These funds come with slightly higher fees than do passive funds, but still those funds are usually far lower than would be said funds attached to something actively managed. I think you need a certain amount of exposure across all mediums. While I certainly advocate active management, I like to be my own manager as much as possible. I would prefer my success, or lack thereof, to be the result of my own actions. That said, I see not only a place for, but a need to “line” one’s book with passive benchmark type funds, and a place for hybrid vehicles such as this to add increased direction to a portfolio based on current macro, and/or one’s own gut instinct.

Rain From Heaven

Copper rises for a 15th consecutive trading session; 15, gang !! Gold pushes up against $1300. Silver threatens the $17 level. Obviously, it’s not just dollar weakness. That’s a factor, but for copper, this is also a Chinese demand story. Copper now trades at the highest levels seen in three years. Hooray for Freeport McMoRan (FCX) . Anyone else notice the Dow Jones Aluminum Index break through resistance that had been in place since 2009?

If you read me, then you know that I’m an energy bug at heart. Loving the recent action in the oil patch? Yes, I am. Natty Gas? Don’t get me started, though, it is cold outside, and finally that commodity is off the mat.

It’s oil services that I have been focusing on of late. I have long touted and traded (unsuccessfully all year until December) Schlumberger (SLB) , as I have felt that this is the best in class firm in the space, and that the stock would do well, when markets turned for the better. Well, markets have seemingly turned for the better. WTI Crude seems to have found footing above that crucial $58 level. A quarterback sack of the $60 level is where the next hurdle lies. Tax reform is obviously good for the sector, and especially good for SLB as the firm currently has an effective tax rate above 41%.

The fact that Saudi Arabia is shopping around the Permian to possibly increase Saudi Aramco’s exposure to U.S. shale prior to any possible public offering is only a good thing for companies like this, and that would include Halliburton (HAL) . SLB is currently trading at 31 times next year’s projected earnings. HAL might just be the value stock in the space, and sports a forward-looking PE ratio of just 22 to show it. Cheaper dollar, OPEC re-balancing … Is it too late to get involved if you are not already there? Do I still prefer SLB? Let’s take a look.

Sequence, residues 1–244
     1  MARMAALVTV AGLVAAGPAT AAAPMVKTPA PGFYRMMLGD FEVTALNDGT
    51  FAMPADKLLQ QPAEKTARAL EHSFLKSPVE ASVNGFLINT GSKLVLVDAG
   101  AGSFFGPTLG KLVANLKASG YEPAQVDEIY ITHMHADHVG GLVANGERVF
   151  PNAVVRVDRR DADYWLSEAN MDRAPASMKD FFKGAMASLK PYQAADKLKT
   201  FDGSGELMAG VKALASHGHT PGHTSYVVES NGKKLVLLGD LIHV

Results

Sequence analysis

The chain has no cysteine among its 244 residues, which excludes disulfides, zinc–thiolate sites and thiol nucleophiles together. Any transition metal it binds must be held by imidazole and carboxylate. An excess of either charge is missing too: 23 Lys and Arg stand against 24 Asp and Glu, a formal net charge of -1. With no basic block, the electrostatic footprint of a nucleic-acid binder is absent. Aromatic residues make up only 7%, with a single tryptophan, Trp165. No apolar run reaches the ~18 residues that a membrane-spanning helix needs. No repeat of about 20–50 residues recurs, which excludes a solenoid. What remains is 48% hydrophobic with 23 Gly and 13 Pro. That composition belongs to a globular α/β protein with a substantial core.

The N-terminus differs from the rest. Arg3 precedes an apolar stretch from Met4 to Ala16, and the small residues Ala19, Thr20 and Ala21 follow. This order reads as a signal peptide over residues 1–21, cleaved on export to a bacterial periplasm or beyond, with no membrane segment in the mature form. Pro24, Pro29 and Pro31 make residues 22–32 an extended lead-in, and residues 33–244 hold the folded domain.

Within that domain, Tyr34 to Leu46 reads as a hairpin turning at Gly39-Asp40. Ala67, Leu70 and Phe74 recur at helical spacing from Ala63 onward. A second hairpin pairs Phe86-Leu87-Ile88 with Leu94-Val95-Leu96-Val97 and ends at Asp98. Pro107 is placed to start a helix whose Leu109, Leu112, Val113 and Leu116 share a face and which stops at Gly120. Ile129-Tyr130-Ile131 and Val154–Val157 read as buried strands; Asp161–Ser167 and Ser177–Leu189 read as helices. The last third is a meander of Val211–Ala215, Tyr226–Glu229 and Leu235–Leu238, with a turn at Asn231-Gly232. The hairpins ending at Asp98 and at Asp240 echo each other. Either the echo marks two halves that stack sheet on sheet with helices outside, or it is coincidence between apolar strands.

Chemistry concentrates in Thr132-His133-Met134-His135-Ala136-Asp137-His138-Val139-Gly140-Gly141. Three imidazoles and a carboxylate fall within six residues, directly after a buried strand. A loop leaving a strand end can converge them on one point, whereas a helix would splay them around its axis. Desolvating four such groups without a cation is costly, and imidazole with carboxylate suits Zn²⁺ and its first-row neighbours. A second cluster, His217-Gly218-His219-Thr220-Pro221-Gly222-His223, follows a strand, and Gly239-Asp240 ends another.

Charts of the Day (SLB vs. HAL)

What I have tried to do here is make an apples-to-apples comparison for oil services giants Schlumberger (SLB) and Halliburton (HAL) . To do so, I have placed both stocks on a 13-month daily chart so as to catch recent extremes in market pricing. While both stocks seem to be breaking out with their group in response to higher crude prices and more favorable tax treatment, there are stark differences.

Let’s take a look at the Fibonacci models that begin with the highs of late 2016 and run through the lows seen this year. For one, HAL bottoms out in August, SLB not until November. HAL has also broken through a 38.2% retracement with some violence, and is threatening to reach the 61.8% level. As for SLB, it is earlier in its recovery, and has not yet hit a 38.2% move. Expect some resistance there.

Both firms saw their daily moving average convergence divergence (MACD) turn bullish in late November. Again, though, when taking a look at money flow, HAL is further along in its recovery than SLB, and is actually starting to show some green. That has led to relative strength that indicates an overbought condition. SLB is not quite there yet.

My conclusion is that should WTI Crude take and hold the $60 level, both of these stocks should do well. My preference remains SLB, which I am already long, because I believe it to be well behind HAL technically, and could still realize similar movement. Both the Fibonacci levels and the Pitchfork suggest that HAL is likely to hit some resistance at $50. A break there allows a move into the high $50s. Failure, and you are looking for support around $45.

SLB is going to be tested at the $70 level. At that spot, the nature of the Pitchfork would have to be adjusted, but a move of another $5 to $6 to the upside would not be crazy. Support here upon failure would likely be found above $64. Winner, winner… chicken dinner.

Sarge’s Trading Levels

These are my levels to watch today for where I think that the S&P 500, and the Russell 2000 might either pause or turn.

SPX: 2702, 2694, 2685, 2678, 2672, 2664
RUT: 1569, 1562, 1551, 1542, 1535, 1529